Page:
The perfect solution for detecting sarcasm in tweets #not
New Brunswick, NJ : ACL
InBalahur, A.; Goot, E. van der; Montoyo, A. (ed.), Proceedings of the 4th Workshop on Computational Approaches to Subjectivity, Sentiment and Social Media Analysis, pp. 29-37
4th Workshop on Computational Approaches to Subjectivity, Sentiment and Social Media Analysis (WASSA-2013), 14 juni 2013
Article in monograph or in proceedings
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Goot, E. van der
Communicatie- en informatiewetenschappen
Balahur, A.; Goot, E. van der; Montoyo, A. (ed.), Proceedings of the 4th Workshop on Computational Approaches to Subjectivity, Sentiment and Social Media Analysis
SubjectADNEXT (Adaptive Information Extraction over Time); Language & Speech Technology; Language in Society; Nederlab; Persuasive Communication; Style and Persuasive Power: Language Intensity; The changing dynamics of news (project of: ADNEXT (Adaptive Information Extraction over Time (is project of COMIC)); Nederlab; Stijl en overtuigingskracht: Taalintensiteit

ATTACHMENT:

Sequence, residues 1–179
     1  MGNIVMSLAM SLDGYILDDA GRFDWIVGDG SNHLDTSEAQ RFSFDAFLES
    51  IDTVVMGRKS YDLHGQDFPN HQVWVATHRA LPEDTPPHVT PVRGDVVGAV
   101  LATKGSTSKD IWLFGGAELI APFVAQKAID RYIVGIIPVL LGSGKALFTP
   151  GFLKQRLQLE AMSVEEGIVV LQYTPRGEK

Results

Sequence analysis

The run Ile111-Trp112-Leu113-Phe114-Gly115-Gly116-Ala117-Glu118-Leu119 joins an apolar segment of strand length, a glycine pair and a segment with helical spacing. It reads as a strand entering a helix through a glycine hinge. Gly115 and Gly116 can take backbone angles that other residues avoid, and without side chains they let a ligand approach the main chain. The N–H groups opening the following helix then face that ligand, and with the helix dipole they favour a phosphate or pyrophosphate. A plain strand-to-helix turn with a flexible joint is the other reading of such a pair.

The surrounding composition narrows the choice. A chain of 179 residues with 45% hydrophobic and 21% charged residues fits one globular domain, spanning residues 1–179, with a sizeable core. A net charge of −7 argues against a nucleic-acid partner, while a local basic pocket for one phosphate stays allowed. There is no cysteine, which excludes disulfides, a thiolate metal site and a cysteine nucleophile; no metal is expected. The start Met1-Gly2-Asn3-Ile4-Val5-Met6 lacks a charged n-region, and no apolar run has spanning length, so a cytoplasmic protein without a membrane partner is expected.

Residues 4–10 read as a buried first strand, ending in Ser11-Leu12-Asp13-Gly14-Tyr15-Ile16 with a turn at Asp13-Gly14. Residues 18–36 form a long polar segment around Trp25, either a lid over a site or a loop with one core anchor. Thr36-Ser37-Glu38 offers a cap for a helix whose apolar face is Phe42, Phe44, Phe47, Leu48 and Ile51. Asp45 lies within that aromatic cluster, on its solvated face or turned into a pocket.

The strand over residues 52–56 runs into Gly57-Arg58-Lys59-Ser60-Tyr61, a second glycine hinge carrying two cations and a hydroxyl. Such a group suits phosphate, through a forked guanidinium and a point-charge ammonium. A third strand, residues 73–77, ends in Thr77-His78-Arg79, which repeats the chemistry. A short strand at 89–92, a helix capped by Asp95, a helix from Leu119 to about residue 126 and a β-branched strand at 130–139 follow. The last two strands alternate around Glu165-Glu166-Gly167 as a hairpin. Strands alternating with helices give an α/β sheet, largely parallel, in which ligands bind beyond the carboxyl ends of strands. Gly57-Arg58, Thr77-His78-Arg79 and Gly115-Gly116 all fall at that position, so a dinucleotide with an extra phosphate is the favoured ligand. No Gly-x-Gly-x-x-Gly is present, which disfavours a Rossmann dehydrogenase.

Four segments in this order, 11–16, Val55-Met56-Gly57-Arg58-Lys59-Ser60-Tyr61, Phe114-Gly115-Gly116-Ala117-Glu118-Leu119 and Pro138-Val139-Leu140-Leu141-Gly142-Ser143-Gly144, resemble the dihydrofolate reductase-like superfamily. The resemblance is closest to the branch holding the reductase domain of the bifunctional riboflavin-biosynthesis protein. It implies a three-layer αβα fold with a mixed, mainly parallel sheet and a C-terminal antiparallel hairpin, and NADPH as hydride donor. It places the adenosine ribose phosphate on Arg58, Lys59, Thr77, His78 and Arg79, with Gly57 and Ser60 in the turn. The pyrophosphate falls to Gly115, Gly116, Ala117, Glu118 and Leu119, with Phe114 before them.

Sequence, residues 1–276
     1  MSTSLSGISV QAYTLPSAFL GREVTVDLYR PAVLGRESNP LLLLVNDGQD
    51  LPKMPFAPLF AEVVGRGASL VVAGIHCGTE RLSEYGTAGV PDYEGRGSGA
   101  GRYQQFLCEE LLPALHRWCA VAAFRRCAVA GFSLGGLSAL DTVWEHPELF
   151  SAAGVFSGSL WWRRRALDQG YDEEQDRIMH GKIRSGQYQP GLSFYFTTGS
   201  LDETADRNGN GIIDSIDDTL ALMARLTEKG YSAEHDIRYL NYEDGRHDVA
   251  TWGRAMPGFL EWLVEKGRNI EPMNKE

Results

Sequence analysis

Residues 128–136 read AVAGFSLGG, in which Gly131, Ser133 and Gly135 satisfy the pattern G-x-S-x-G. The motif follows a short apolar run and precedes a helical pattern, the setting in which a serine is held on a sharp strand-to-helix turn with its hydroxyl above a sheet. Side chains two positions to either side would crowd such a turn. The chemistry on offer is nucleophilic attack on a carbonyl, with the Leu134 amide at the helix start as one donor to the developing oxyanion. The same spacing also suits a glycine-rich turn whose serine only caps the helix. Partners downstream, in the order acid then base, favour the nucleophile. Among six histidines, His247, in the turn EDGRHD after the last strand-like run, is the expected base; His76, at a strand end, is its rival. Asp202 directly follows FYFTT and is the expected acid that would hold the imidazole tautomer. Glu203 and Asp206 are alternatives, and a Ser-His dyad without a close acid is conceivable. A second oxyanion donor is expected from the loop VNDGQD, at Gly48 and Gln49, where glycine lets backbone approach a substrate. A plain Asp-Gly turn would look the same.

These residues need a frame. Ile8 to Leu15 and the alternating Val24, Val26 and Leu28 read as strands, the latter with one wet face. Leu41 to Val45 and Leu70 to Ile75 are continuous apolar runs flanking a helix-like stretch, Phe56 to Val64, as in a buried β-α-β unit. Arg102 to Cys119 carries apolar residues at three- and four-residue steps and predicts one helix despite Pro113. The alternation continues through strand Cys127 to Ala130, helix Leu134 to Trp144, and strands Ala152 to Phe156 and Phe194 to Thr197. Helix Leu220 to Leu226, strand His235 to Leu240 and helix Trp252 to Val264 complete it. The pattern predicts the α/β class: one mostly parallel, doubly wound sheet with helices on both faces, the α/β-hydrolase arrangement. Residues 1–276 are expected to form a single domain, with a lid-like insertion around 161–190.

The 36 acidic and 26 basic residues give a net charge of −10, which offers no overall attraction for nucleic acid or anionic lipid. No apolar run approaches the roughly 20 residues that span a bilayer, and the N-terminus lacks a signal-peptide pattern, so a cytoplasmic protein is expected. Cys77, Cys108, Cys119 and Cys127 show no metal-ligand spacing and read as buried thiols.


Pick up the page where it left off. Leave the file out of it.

To avoid a sarcastic message being understood in its unintended literal meaning, in microtexts such as messages on Twitter.com sarcasm is often explicitly marked with the hashtag ‘#sarcasm’. We collected a training corpus of about 78 thousand Dutch tweets with this hashtag. Assuming that the human labeling is correct (annotation of a sample indicates that about 85% of these tweets are indeed sarcastic), we train a machine learning classiﬁer on the harvested examples, and apply it to a test set of a day’s stream of 3.3 million Dutch tweets. Of the 135 explicitly marked tweets on this day, we detect 101 (75%) when we remove the hashtag. We annotate the top of the ranked list of tweets most likely to be sarcastic that do not have the explicit hashtag. 30% of the top-250 ranked tweets are indeed sarcastic. Analysis shows that sarcasm is often signalled by hyperbole, using intensiﬁers and exclamations; in contrast, non-hyperbolic sarcastic messages often receive an explicit marker. We hypothesize that explicit markers such as hashtags are the digital extralinguistic equivalent of nonverbal expressions that people employ in live interaction when conveying sarcasm.
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